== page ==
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Polychaeta name details

Spirobranchus giganteus giganteus (Pallas, 1766)

335846  (urn:lsid:marinespecies.org:taxname:335846)

 unaccepted
Subspecies
marine, brackish, fresh, terrestrial
recent only
Not documented
Taxonomy  In 1970, ten Hove split up the "circumtropical" Spirobranchus of authors in three what he at that time thought to be...  
Taxonomy  In 1970, ten Hove split up the "circumtropical" Spirobranchus of authors in three what he at that time thought to be subspecies, in the meantime all recognized as species-complexes by themselves, totalling some 10 different species, see Fiege & ten Hove (1999 fig.4) for a graphic overview. There is a lot of confusion in the existing identifications of circumtropical "Sp. giganteus", but the use of the latter binomen should be restricted to the specimens from the Caribbean. His "subspecies" S. giganteus giganteus nowadays is recognized to be a complex of three, biogeographically separated species: S. giganteus, incrassatus and spinosus. [details]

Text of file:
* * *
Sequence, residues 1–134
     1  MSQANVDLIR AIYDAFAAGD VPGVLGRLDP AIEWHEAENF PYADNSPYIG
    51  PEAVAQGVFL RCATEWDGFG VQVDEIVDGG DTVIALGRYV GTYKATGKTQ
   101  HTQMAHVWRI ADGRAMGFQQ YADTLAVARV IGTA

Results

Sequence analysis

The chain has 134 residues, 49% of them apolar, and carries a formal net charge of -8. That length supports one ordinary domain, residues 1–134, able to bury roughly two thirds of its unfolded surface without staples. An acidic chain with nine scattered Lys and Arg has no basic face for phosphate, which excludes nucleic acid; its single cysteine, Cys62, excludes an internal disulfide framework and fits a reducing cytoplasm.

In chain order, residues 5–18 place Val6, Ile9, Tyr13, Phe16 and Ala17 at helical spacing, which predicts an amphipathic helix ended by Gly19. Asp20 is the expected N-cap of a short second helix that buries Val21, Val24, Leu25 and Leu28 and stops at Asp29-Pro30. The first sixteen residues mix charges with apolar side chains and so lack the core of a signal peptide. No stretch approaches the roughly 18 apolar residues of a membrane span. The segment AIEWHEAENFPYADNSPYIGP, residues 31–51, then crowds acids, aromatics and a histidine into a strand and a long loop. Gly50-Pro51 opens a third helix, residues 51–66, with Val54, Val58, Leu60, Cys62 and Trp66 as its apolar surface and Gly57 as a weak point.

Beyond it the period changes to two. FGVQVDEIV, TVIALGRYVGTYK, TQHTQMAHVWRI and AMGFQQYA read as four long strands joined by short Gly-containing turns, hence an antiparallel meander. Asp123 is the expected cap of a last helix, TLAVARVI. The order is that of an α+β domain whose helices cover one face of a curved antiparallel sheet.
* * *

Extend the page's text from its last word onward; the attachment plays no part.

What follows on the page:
Read, G.; Fauchald, K. (Ed.) (2018). World Polychaeta database. Spirobranchus giganteus giganteus (Pallas, 1766). Accessed at: http://www.marinespecies.org/polychaeta/aphia.php?p=taxdetails&id=335846 on 2020-02-23
Date
action
by
2008-03-17 14:53:29Z
created
2008-03-26 11:36:43Z
changed
2010-03-10 20:53:43Z
changed

basis of record Hove, Harry A. ten 1970. Serpulinae (Polychaeta) from the Caribbean: I - the genus Spirobranchus. Studies on the Fauna of CuraƧao and other Caribbean Islands, 32: 1-57. [details]   
 
 Present  Inaccurate  Introduced: alien  Containing type locality 
From editor or global species database
Taxonomy  In 1970, ten Hove split up the "circumtropical" Spirobranchus of authors in three what he at that time thought to be subspecies, in the meantime all recognized as species-complexes by themselves, totalling some 10 different species, see Fiege & ten Hove (1999 fig.4) for a graphic overview. There is a lot of confusion in the existing identifications of circumtropical "Sp. giganteus", but the use of the latter binomen should be restricted to the specimens from the Caribbean. His "subspecies" S. giganteus giganteus nowadays is recognized to be a complex of three, biogeographically separated species: S. giganteus, incrassatus and spinosus. [details]